Pakistani Drone Victim, Who Has Sought to Hold CIA Accountable, Kidnapped & Disappeared
A drone victim, journalist and activist who has spoken out against drone strikes in Pakistan was kidnapped by fifteen to twenty men in the early hours of February 5. He is missing and a judge in Pakistan has ordered the Pakistani intelligence services to produce him by February 20.
Kareem Khan has been pushing a legal case against the CIA and Pakistan government, seeking to hold them accountable for the killing of his son and brother in December 2009. He submitted a complaint against former CIA station chief in Pakistan, Jonathan Banks, for his alleged role in the drone attack that left his family dead.
His application to register the case against Banks, according to Channel 4 News, said: “Jonathan Banks is operating from the US embassy in Islamabad which is a clear violation of diplomatic norms and laws, as a foreign mission cannot be used for any criminal activity within a sovereign state.” Khan alleged that Banks had a “business visa,” which meant he did not have “diplomatic status” and was not immune from prosecution.
The human rights organization, Reprieve, indicated, “Khan was due to fly to Europe on February 15 in order to address “German, Dutch and British Parliamentarians about his personal experience with drone strikes and and his work as a freelance journalist investigating other strikes in the region.”
Khan’s brother-in-law, Dilbar Jan, filed a report on his disappearance with police. Jan told Agence France-Presse, “The kids, my sister, my uncle and I are all very worried and anxious.” He was taken by fifteen to twenty people, some dressed in police uniforms. His young nephews and him saw the kidnapping.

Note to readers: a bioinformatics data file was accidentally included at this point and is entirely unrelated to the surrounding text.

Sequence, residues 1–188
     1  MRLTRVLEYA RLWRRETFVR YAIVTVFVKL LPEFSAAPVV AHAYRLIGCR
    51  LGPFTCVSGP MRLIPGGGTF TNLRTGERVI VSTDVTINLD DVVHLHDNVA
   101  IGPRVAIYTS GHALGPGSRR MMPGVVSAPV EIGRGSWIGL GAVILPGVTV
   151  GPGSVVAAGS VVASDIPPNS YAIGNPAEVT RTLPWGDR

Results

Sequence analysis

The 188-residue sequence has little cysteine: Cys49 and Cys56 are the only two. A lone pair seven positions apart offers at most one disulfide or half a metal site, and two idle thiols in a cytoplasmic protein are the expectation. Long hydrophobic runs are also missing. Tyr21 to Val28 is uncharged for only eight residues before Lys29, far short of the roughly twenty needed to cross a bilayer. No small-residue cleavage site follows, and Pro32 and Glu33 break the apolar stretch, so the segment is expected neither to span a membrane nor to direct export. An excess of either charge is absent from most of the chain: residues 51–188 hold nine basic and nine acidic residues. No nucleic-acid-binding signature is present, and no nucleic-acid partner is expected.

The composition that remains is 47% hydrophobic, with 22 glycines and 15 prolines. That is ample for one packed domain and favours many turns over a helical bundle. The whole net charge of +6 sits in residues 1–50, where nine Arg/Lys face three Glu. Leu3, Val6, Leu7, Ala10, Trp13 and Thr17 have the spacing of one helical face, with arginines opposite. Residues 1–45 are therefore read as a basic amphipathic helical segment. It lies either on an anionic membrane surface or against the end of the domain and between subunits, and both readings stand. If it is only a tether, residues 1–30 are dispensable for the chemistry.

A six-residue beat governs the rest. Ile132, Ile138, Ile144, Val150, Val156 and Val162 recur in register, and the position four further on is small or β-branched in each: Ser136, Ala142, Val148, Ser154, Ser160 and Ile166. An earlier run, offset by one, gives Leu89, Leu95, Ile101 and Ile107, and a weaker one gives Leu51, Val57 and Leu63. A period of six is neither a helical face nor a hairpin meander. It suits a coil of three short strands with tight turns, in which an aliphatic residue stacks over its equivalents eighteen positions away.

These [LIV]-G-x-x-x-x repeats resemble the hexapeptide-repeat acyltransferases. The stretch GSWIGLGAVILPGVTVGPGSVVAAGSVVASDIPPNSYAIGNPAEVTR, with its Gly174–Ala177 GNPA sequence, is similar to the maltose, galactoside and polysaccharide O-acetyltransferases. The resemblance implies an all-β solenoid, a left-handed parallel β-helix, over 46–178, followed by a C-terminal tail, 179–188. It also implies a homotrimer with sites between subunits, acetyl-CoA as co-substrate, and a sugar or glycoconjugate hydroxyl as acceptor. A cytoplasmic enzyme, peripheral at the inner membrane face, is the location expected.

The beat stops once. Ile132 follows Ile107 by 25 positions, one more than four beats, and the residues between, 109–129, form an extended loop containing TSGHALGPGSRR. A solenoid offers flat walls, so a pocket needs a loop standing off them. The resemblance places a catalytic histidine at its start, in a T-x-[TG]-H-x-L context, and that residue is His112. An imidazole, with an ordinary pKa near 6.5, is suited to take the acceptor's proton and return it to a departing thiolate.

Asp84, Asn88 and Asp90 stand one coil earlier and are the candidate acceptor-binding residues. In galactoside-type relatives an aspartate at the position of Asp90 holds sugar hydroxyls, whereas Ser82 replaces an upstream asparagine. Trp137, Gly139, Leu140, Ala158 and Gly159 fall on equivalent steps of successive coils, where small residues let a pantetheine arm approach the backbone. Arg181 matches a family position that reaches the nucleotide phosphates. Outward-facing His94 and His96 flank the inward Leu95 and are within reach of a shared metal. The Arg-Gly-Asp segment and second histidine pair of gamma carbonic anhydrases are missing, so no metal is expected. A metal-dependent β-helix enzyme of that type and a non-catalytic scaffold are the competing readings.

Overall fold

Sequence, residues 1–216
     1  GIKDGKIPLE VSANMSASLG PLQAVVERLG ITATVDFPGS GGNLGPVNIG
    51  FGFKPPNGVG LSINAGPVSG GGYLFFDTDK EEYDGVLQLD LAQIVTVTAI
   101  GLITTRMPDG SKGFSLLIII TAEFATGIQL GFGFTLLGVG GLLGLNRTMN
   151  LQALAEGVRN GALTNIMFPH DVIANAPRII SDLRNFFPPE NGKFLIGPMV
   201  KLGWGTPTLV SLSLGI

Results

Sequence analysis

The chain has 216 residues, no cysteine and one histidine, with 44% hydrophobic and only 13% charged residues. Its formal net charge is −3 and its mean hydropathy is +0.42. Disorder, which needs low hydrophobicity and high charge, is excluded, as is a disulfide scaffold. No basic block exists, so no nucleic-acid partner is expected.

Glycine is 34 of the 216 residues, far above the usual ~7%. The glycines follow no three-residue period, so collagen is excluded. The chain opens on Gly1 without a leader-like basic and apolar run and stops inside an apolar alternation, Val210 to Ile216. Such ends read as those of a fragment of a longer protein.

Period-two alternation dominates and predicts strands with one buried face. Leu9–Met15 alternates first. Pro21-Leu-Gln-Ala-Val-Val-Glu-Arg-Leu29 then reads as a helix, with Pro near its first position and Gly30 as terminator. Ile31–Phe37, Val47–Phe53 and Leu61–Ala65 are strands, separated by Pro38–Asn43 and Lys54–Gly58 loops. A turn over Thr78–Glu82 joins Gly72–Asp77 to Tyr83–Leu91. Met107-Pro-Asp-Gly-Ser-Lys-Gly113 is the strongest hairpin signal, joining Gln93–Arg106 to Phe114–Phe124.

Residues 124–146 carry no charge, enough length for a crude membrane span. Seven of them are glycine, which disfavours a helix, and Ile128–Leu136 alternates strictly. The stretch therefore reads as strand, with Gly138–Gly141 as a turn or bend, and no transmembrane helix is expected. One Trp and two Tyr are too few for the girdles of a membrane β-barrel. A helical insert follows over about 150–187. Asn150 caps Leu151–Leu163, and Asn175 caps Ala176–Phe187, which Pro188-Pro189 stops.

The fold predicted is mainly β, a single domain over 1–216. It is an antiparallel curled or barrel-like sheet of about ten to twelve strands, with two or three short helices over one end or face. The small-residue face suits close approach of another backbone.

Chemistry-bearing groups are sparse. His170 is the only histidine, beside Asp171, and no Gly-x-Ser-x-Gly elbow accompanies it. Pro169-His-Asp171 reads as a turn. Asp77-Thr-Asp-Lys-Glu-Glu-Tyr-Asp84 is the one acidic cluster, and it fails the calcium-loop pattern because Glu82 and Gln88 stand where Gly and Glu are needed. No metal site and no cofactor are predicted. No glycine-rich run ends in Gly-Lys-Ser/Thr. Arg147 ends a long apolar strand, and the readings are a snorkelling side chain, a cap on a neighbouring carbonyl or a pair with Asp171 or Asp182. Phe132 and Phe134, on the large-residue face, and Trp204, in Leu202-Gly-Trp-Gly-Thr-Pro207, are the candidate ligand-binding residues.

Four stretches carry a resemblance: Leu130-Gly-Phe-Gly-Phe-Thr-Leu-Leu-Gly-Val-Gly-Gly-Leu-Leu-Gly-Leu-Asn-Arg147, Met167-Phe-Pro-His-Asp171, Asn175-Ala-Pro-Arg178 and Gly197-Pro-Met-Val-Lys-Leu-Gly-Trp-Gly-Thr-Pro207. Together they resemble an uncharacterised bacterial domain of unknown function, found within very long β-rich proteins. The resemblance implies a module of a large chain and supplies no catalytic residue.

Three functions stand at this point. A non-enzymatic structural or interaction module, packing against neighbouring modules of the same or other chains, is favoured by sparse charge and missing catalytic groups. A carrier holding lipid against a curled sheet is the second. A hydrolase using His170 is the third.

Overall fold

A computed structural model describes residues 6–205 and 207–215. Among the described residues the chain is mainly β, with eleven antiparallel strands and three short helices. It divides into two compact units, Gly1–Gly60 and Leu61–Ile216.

Afraid, Jan added, “We haven’t done anything that is anti-state, nor do any of us have bad intentions towards anyone,” and, “We’re from an educated family, we’re all government employees, I myself am a teacher. We can’t think of doing something wrong.”
Reprieve’s Executive Director Claire Alger said in a statement, “It has now been a week since anyone has seen or heard from Kareem Khan. The Pakistani Government must immediately tell us where he is and why they have tried to silence such an important anti-drones voice. Failure to do so raises disturbing questions of continued PK complicity in the US drone program.”
Shahzad Akbar, Khan’s lawyer who has been fighting to stop drone strikes in Pakistan’s courts, reacted, “This is a completely illegal disappearance, which means some kind of pressure is being applied through his disappearance to the other drone victims.”
Akbar was at a hearing in the Rawalpindi Bench of the Lahore High Court to convince the court to help him figure out where Khan is being held. It is believed the intelligence services must have Khan because the police claim to know nothing about his abduction. The Ministry of Interior now has a week to find Khan and bring him before the court.
On “Democracy Now!,” documentary filmmaker and journalist Madiha Tahir, who interviewed Khan for her film, “Wounds of Waziristan,” said:
Karim is the first, that I know of, that has been picked up who is an anti-drone activist, but disappearances in Pakistan are very common. It’s a common state tactic. It has been happening in Balochistan, where there is a separatist movement, for a long time now. And, in fact, three are families protesting. There were mass graves found in Balochistan of missing people quite recently, only a few weeks ago. So this is a very common tactic by the state, and now, clearly, the Pakistani establishment, which is to say the intelligence agencies and the Pakistani army, want to send a message to the anti-drone movement to tell us to—you know, to tell the movement to shut up, basically.